Eboni Marshall Turman, Ph.D.




An author, ordained minister, university professor and public theologian, the Reverend Dr. Eboni Marshall Turman is a refreshing addition to our most pressing national discussions of faith, race and gender. With a decidedly womanist point of view, hers stands out as one of few female voices offering the moral perspective on issues facing the Black community.


At a time in our history when the Black church and Black lives are once again under siege, Dr. Turman has committed her research, scholarship and platform to a nuanced exploration of the most marginalized among us.


A trailblazer in the church and academy, her pioneering spirit has earned her many rare distinctions. She was the youngest woman to be named Assistant Minister of the historic Abyssinian Baptist Church in New York City; is the only African­American theological ethicist on the faculty at Duke University’s Divinity School; one of Ebony Magazine’s Young Faith Leaders in the Black Community; and included on the Network Journal’s prestigious 40 Under 40 List.


A highly sought after speaker and thinker, Dr. Turman has shared her ideas at Yale University Divinity School, Fordham University, Candler School of Theology at Emory University, Union Theological Seminary and regularly from pulpits around the world. In 2014, Dr. Turman was inducted into the Morehouse College Martin Luther King, Jr. Collegium of Scholars. Her opinions on race, faith, and gender have been published by the New York Times, Wall Street Journal, and Dallas Morning News among others.


As one of the only modern­day scholars to tackle the taboo topic of sexism in the Black Church, Dr. Turman owns her millennial sensibility and is unflinchingly honest in her critique of our most revered institutions. Over the course of her career, she has repeatedly dispelled the notion of “a woman’s place” in church and society. Building upon the literary, intellectual, activist foundations of Alice Walker, W.E.B DuBois, and Ida B. Wells-Barnett in 2013 Dr. Turman published her seminal work ­Toward a Womanist Ethic of Incarnation: Black Bodies, the Black Church and the Council of Chalcedon. In it, she explores the sexism that pervades the black church and chips away at the moral justification for black women’s social subordination. Through her research and scholarship, Dr. Turman is transforming the way we frame the Black experience, the contemporary movement for Black lives, and the moral significance of the Black community specifically the 21st century black church.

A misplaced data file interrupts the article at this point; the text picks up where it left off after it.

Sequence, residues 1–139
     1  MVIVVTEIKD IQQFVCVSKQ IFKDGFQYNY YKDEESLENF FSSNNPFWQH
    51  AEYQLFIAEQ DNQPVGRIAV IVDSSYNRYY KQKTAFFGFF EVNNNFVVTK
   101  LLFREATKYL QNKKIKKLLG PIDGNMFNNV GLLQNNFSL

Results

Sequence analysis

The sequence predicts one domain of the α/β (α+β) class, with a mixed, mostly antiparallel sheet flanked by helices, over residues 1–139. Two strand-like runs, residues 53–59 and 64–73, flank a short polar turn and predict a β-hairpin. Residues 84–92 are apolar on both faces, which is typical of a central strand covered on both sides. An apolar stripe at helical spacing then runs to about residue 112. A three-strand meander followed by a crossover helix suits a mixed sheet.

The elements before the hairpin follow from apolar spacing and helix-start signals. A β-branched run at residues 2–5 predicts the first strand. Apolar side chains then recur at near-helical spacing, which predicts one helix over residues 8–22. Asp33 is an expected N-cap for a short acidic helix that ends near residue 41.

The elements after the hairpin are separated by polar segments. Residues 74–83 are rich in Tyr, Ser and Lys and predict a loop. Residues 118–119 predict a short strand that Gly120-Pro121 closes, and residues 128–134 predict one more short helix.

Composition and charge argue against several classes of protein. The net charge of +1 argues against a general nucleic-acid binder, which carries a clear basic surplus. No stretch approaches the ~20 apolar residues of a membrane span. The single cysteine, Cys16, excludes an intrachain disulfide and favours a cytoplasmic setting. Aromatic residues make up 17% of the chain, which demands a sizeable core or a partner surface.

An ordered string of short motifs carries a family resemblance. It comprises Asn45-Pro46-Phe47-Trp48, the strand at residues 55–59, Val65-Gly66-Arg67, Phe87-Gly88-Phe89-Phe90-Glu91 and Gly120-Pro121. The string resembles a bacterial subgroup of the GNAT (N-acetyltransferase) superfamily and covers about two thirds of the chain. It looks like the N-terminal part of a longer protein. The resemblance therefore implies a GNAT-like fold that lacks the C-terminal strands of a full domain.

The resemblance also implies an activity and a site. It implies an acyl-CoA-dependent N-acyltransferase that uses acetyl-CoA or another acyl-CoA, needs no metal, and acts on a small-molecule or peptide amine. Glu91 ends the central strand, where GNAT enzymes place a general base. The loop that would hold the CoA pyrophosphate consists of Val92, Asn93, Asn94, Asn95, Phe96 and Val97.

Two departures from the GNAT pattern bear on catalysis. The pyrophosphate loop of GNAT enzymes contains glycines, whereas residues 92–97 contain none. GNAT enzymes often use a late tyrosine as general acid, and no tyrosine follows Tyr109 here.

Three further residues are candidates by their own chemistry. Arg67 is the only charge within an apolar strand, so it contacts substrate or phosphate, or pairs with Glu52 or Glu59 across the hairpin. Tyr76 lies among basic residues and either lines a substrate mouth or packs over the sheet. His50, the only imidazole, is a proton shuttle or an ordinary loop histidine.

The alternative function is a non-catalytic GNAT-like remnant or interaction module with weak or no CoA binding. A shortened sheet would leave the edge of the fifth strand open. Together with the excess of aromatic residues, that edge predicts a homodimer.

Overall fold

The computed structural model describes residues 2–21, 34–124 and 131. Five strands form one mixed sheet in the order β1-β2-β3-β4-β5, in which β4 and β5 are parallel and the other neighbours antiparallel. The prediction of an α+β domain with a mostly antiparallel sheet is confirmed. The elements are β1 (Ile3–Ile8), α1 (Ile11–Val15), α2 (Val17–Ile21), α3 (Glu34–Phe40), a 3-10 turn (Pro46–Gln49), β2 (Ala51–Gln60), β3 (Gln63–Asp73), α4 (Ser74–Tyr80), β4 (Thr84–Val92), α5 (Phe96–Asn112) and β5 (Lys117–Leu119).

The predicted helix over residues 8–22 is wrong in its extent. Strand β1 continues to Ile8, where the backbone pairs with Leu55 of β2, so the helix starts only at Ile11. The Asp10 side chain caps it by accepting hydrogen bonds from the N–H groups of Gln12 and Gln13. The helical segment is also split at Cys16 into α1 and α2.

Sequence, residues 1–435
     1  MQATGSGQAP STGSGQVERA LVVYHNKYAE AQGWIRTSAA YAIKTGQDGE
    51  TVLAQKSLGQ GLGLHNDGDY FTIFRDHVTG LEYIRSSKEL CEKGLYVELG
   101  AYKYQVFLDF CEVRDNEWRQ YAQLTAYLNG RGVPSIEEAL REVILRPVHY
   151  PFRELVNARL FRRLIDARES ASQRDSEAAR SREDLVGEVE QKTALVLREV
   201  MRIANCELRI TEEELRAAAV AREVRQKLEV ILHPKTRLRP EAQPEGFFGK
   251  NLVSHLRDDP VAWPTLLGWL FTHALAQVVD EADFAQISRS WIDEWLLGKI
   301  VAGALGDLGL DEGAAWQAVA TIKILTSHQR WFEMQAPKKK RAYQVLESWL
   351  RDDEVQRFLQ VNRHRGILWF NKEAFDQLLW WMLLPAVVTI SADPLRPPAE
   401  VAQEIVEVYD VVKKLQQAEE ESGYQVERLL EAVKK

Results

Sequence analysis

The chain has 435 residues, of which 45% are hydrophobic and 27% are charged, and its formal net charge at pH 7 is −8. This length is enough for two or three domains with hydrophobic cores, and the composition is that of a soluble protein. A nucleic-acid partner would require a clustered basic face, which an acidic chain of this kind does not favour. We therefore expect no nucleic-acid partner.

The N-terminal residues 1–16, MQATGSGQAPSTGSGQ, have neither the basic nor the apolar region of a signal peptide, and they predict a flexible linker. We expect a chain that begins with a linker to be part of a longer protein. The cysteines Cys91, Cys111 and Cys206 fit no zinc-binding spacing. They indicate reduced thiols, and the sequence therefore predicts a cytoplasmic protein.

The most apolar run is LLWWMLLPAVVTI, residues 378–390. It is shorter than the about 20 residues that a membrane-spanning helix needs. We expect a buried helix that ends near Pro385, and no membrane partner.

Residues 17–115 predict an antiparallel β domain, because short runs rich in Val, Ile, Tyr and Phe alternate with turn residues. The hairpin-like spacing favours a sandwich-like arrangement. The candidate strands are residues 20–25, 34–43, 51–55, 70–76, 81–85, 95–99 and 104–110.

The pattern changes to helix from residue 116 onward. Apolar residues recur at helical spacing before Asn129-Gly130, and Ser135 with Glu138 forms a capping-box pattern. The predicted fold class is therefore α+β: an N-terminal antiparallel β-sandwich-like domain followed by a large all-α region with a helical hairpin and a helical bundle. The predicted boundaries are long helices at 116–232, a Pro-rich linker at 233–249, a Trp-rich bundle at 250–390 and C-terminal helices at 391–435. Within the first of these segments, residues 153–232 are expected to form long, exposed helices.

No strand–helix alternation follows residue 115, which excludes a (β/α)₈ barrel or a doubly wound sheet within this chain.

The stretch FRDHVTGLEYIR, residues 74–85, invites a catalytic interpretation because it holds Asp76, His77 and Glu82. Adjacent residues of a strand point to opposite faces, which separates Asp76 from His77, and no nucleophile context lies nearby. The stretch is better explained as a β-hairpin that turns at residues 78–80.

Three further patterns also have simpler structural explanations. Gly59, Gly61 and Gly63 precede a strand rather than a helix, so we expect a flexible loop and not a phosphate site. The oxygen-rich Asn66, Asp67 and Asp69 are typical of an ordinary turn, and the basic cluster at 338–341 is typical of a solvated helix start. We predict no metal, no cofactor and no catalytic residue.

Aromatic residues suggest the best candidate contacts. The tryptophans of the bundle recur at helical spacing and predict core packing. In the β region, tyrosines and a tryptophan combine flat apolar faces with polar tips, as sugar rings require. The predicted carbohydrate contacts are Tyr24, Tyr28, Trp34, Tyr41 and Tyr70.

Beyond academia, Dr. Turman is passionate about helping Black women and men rise above and function through systemic gender bias, racism and exploitation. In doing so she gives women the tools for vocational, professional, and personal success, empowering them to step into leadership and assert themselves more fully in male dominant environments. As a determined advocate, Dr. Turman challenges how Black women are positioned in the media, the church and society as a whole. As a gifted teacher and counselor, she empowers Black women from the heart and shows them how to interpret Christian teachings to transform their lives, change their communities, and create healthier relationships, brighter leadership prospects and personal fulfillment.


Dr. Turman’s unapologetic passion for Black women is perhaps only matched by her passion for young minds. As the face of Black Church Studies at Duke University Divinity School, she is pushing the boundaries of scholarship, while training the next generation of moral leaders and expanding their vision for what is possible for their work.


Dr. Turman earned her B.A. degree in Philosophy from Fordham University. She earned her Master of Divinity, Master of Philosophy and Doctor of Philosophy degrees in Social Ethics and African American Religion from Union Theological Seminary in the City of New York (Columbia University Graduate School of Religion).


She and her wonderful husband, Rossie E. Turman III, Esq., live in New York City and Cary, NC.